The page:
Victorian Factory Becomes Green Apartments
- Aug 07, 2012
Westford, Mass.—The Abbot Mill renovation in Forge Village of Westford, Mass., has been completed. Originally built in 1870 and long a part of the industrial history of Massachusetts, the property is now owned by Yule Development. The 239,000-square-foot project includes 131 residential units, 13 of which are affordable housing.
Once a busy fabric mill, Abbot Worsted Mills changed hands several times throughout the last 50 years and eventually fell into disrepair. After acquiring the property, Yule tasked Boston-area construction manager Tocci Building Cos. with restoring the landmark and transforming it into living spaces that adhere to current sustainable building practices.
After the mill closed, the structure was sold to Murray Printing and then to Courier Printing. When their needs changed over the decades, these successive owners built additions based on function with little regard for architectural integrity. During renovations, Tocci encountered numerous challenges posed by the sheer variety of these additions: brick, timber and concrete construction, varying floor levels and confined spaces.
“Our team was extremely sensitive to the building materials used and Abbot Mill owner Chris Yule was very engaged throughout the process,” Laura Handler, Tocci’s director of virtual design and construction (VDC), tells MHN. “It also required George Hunt, assistant superintendent at Tocci, to track a lot of design options and simultaneously manage different concepts while we were constructing the building. VDC and BIM [building information modeling] technology enabled us to meet the owner’s sustainability requirements, while giving him design flexibility for his tenants.”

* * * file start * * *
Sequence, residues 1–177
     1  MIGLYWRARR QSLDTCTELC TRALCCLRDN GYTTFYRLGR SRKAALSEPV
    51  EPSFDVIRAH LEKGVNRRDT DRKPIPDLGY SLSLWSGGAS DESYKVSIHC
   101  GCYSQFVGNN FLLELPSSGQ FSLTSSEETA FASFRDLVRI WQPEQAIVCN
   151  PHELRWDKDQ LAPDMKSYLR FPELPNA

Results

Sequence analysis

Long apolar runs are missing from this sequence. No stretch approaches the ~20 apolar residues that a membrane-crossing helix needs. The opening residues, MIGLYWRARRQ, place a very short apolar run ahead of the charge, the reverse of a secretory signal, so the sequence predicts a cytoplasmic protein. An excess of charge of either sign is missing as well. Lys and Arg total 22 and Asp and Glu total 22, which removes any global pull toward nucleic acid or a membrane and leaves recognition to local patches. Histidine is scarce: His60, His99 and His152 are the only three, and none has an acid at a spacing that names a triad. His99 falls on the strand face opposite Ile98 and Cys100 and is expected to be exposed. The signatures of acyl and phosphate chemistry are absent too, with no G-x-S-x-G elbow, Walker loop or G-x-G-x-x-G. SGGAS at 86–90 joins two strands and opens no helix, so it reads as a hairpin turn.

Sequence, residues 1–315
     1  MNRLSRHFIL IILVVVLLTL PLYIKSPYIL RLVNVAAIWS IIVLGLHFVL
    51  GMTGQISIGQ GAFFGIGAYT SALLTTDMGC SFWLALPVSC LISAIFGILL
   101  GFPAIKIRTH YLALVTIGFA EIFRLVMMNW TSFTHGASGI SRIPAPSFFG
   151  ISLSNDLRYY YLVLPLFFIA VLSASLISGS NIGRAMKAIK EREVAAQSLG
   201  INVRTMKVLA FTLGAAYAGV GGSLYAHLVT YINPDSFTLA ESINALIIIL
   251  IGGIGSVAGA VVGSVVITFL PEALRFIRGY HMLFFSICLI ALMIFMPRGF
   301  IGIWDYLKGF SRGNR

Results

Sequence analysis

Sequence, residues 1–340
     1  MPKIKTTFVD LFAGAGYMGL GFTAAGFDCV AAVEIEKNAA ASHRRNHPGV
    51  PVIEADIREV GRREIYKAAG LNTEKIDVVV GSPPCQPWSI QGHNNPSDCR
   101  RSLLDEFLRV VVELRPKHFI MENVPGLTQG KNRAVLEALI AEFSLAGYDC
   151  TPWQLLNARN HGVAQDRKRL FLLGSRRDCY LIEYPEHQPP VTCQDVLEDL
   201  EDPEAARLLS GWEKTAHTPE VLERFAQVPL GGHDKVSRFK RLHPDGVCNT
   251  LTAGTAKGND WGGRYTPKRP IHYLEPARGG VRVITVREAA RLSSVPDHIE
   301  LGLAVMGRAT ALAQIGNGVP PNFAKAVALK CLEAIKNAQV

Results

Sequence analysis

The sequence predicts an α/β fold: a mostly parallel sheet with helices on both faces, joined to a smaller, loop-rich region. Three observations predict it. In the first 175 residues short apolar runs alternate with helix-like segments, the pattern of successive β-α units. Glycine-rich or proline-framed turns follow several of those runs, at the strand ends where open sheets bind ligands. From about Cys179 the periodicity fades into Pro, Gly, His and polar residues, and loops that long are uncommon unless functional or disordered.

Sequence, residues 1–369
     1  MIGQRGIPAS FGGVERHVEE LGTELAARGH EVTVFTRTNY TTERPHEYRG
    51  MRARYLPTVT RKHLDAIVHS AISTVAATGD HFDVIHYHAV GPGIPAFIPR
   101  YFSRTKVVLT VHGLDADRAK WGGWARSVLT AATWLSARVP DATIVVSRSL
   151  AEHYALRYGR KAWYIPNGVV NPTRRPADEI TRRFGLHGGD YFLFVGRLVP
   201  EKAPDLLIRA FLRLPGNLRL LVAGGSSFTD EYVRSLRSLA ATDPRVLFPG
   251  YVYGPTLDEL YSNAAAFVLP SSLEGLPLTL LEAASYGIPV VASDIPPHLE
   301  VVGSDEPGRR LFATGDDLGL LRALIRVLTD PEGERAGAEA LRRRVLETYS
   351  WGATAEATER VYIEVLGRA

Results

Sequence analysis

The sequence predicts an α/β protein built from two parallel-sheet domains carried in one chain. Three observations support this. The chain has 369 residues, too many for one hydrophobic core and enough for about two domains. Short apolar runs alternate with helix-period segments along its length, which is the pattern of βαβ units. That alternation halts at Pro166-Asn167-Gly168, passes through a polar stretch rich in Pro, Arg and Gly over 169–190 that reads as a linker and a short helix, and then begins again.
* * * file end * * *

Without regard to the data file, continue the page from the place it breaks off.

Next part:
A number of features of the original Victorian building were either restored or replicated, according to Tocci. For example, boarded-up saw-tooth skylights, originally constructed to draw natural light into interior spaces for mill workers, once again allow light to flood common areas and apartment units (the Victorians were “green” before their time in that way, apparently).
Whenever possible, the redevelopment re-used materials on site rather than throw them away. Lumber off-cuts were used as the stairs risers, for example, and steel plates that once reinforced the mill floor have been transformed into unit signs. Also, various techniques have been employed to limit heat and cooling loss, including sealing and insulating each unit.
Another primary sustainable feature is 40,000 square feet of solar panels on the roof, producing 331KW of non-carbon energy. The renovation kept heat exchangers in place, continuing to use canal water for heating and cooling, and Yule hopes to restore the original hydroelectric generator beneath the building to produce additional electricity.